The following guest article, was submitted by Richard Brody, aka Mee Rich Yee. The Chinese Quest welcomes original articles pertaining to the Chinese dining experience. Your article should pertain to Chinese restaurants, Chinese food, etc. For more information, please contact us.
About a year ago, my close friend of over 41 years, Andy, and I decided we would embark upon a great adventure to Scotland, where we could combine our curiosity, historical inquisitiveness, and probably, most significantly, our deep appreciation for Scotch Whisky (note: There is no ‘e’ in Scotch whisky). Andy found this great trip that specialized in all of these endeavors, and in retrospect, they truly outdid our best expectations (for your information, that company’s name is Scholarly Sojourns). There were only 15 in the group, and we visited over 17 distilleries, took courses about whisky, visited nearly the entire country, had over 100 expressions (that’s the proper way those Scots in the know about their whisky refer to having different types of drinks), visited three castles, took the two hour ferry from the mainland to Islay (known to me now as the land of the Peat), visited numerous Lochs and even took a boat ride on one (Loch is Scottish for lake), plus several whisky pairing dinners, drew our own cask samples, and even blended our own unique single malt blend (from casks from one distillery). If I believed in a Bucket List, this would have to be included!
We stayed in several different hotels and inns during our recent 10 day stay. Two evenings were spent at a magnificent converted mansion in Elgin, and it was there that I merged cultures between Scot and my personal go-to food type! That’s right, one night in Elgin, we had to find somewhere for dinner on our own, which, in and of itself, can be somewhat challenging in this small, but beautiful hamlet.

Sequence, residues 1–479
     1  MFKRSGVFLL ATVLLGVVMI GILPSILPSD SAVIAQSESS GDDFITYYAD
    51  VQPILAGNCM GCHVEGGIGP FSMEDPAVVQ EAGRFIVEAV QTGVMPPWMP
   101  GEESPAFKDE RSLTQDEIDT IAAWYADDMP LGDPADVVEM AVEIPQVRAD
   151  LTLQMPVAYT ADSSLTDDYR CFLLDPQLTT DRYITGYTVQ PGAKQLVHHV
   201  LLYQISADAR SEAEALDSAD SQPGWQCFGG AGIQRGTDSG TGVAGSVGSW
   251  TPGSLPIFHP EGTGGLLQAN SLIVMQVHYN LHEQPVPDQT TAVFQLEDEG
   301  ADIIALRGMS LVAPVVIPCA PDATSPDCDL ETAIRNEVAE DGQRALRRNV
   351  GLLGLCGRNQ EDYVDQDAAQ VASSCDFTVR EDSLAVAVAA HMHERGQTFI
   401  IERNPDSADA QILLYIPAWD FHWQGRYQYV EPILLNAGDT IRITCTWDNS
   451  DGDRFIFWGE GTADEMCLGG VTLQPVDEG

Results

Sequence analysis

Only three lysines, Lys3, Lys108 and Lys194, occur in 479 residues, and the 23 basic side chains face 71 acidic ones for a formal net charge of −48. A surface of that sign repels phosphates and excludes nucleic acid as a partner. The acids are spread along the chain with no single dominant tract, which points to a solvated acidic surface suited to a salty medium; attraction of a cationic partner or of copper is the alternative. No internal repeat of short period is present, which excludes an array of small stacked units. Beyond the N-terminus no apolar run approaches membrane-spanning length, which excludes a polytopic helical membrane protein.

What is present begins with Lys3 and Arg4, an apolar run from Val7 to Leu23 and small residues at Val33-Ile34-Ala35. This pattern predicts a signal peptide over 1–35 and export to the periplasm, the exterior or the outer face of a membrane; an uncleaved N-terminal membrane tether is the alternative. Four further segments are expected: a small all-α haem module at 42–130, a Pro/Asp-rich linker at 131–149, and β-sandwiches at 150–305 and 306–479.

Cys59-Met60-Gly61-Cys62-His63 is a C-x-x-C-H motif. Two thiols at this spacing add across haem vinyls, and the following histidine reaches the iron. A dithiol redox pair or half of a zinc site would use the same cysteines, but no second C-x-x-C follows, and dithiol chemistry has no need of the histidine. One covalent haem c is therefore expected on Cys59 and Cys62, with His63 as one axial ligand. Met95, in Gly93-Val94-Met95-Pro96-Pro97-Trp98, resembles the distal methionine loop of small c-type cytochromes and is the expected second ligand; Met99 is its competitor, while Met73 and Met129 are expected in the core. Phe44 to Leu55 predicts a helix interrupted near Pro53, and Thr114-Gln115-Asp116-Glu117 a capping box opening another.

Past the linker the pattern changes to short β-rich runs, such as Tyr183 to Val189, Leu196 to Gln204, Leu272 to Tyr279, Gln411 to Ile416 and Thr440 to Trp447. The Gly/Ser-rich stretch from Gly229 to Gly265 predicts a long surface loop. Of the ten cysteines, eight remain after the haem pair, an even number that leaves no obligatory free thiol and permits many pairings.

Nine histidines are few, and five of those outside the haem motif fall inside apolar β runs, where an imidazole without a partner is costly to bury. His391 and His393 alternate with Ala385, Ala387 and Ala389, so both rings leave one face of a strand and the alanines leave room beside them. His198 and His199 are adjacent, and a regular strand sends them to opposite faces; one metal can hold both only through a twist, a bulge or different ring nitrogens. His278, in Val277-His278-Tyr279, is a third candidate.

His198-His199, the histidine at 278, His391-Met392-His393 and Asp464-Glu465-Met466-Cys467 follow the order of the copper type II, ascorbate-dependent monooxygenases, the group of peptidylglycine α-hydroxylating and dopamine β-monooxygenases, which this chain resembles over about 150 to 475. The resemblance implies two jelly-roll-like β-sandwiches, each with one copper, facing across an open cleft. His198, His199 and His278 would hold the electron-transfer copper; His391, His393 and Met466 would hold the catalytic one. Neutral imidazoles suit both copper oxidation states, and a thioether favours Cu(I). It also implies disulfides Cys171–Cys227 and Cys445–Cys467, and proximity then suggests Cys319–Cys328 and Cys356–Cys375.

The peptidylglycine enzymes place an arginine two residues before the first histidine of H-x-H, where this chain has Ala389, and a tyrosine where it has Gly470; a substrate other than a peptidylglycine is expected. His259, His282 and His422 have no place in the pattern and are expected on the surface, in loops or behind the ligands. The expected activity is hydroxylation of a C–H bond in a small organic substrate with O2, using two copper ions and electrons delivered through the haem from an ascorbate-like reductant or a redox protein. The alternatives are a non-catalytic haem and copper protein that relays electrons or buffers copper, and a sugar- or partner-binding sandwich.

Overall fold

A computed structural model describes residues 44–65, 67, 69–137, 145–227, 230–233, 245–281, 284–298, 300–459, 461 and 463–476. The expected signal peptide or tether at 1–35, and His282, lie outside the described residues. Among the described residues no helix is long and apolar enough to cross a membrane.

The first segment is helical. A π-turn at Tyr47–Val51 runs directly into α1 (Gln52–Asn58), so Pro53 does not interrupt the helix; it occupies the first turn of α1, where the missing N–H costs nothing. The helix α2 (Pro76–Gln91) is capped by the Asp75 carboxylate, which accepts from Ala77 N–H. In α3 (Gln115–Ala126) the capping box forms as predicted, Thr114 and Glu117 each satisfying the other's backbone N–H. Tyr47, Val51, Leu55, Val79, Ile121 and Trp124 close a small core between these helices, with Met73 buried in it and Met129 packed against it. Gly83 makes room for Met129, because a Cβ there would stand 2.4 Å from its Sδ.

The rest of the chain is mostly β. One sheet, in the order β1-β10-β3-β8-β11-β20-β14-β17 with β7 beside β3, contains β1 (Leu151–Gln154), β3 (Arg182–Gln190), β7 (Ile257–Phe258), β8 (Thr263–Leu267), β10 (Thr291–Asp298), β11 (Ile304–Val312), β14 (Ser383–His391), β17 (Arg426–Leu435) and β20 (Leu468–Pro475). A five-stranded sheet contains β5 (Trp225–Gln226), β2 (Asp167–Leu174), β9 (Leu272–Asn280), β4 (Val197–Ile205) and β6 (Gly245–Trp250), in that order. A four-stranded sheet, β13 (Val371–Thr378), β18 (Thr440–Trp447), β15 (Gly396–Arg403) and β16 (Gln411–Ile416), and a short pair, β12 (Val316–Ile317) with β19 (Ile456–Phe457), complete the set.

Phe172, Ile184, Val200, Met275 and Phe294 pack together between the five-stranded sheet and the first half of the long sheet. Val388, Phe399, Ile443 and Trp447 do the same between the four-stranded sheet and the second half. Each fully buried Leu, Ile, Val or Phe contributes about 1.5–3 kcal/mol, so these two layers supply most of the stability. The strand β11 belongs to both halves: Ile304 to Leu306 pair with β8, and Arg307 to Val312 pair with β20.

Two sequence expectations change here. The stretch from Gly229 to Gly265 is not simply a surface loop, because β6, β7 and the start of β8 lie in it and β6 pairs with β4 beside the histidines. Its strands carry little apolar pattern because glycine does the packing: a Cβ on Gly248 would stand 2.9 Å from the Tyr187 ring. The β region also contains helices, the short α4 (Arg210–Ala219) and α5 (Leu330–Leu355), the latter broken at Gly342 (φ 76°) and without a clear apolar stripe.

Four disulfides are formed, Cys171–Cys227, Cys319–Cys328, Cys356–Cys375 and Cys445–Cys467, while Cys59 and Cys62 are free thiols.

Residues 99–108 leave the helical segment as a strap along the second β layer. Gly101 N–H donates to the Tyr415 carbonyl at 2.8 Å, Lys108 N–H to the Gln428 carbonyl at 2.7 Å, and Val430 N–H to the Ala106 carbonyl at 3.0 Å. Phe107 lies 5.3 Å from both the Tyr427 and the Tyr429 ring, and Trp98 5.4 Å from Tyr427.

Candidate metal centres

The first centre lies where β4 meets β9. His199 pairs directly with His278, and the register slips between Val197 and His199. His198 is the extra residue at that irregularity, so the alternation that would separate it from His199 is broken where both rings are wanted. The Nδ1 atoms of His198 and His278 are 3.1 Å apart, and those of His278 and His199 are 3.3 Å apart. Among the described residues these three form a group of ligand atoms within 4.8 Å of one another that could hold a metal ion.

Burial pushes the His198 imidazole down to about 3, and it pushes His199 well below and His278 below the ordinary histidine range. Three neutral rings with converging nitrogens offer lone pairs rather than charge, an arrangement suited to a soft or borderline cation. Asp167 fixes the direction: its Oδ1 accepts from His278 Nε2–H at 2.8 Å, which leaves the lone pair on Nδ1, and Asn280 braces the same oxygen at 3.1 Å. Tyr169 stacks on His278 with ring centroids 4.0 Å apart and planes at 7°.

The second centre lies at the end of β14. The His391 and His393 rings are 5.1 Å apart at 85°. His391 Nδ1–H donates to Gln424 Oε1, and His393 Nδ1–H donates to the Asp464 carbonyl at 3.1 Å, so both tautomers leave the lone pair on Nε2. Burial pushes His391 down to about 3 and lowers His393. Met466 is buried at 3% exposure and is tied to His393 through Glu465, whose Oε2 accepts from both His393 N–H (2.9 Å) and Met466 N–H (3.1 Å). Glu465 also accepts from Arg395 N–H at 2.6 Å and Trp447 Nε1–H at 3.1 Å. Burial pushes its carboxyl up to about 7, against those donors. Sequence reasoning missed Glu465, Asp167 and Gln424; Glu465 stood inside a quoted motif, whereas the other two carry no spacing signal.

We ventured on a stroll, and after finding most places closed, stumbled upon a rather innocuous sign that said Chinese restaurant. We entered, not anticipating much, and found a rather plain looking, very quiet restaurant. They had a menu that had a choice between selecting a la carte, or opting for their Buffet. Since I am not generally a buffet fan, this was not that pleasing to me, and somewhat confusing, since there was no Buffet table or area. It turned out that this buffet merely meant that it was all-inclusive for 16.95 Pounds Sterling (about $24 inclusive). We could select as many appetizers as we wished (they listed about 15), a soup of our choice (from 6 different options), and as many entrees as we’d eat (more than 75 to choose from). Then we could choose a dessert from about 6 options. Interestingly enough, each dish ended up being made-to-order, fresh and quite tasty, and each of the three of us on this little adventure, were quite pleased with our choices. It was a filling, tasteful meal, and while not necessarily the best one I ever had, nor one that I might travel a great distance to visit, was a good, easy, convenient meal. For some strange reason, while I was eating, I kept thinking that the Mee’s of the Chinese Quest, would be proud of my selection and finding a Chinese restaurant in such a small hamlet in Scotland.
So, what is the moral of this story? Maybe it’s when in Scotland, do as the Mee’s would do, and find some Chinese food. Or, perhaps, when you drink a lot of whisky, you want Chinese food even more. Or, probably, there’s no particular moral to this story, but I figured, it would make an entertaining article. But that’s merely Mee opinion!
–Mee Rich Yee nee Richard Brody